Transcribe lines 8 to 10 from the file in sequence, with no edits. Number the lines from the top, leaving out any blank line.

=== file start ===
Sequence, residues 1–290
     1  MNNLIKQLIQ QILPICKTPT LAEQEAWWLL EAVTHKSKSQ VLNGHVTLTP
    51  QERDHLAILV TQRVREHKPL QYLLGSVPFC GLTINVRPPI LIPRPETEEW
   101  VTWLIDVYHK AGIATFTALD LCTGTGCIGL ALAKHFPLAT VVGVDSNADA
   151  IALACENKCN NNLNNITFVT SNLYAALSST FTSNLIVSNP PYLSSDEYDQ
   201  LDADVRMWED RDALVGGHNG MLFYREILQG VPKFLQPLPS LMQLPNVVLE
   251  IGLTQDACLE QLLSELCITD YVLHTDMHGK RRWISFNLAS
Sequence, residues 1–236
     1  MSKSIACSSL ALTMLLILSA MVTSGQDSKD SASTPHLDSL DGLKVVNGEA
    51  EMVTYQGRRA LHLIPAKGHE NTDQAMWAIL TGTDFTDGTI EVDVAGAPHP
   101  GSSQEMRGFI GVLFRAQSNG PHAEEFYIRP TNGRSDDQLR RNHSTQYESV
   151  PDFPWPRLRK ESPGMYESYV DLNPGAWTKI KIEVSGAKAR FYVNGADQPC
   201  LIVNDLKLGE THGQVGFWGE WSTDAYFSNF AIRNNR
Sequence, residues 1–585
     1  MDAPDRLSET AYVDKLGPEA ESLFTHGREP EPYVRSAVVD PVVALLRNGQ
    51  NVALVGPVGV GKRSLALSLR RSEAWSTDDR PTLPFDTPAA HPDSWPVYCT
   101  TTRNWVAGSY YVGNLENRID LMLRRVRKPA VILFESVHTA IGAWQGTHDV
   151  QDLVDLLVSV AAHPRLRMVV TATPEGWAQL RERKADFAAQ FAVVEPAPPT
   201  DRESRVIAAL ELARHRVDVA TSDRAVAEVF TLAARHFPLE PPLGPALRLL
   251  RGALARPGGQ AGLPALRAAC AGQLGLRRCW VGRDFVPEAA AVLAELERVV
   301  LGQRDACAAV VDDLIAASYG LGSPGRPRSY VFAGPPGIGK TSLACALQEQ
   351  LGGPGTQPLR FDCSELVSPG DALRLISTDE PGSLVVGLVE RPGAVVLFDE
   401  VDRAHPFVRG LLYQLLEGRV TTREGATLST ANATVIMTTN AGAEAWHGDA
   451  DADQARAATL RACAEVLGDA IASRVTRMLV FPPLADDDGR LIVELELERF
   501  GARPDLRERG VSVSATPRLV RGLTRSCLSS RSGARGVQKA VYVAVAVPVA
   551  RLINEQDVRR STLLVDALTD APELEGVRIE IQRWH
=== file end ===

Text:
Sequence, residues 1–236
     1  MSKSIACSSL ALTMLLILSA MVTSGQDSKD SASTPHLDSL DGLKVVNGEA
    51  EMVTYQGRRA LHLIPAKGHE NTDQAMWAIL TGTDFTDGTI EVDVAGAPHP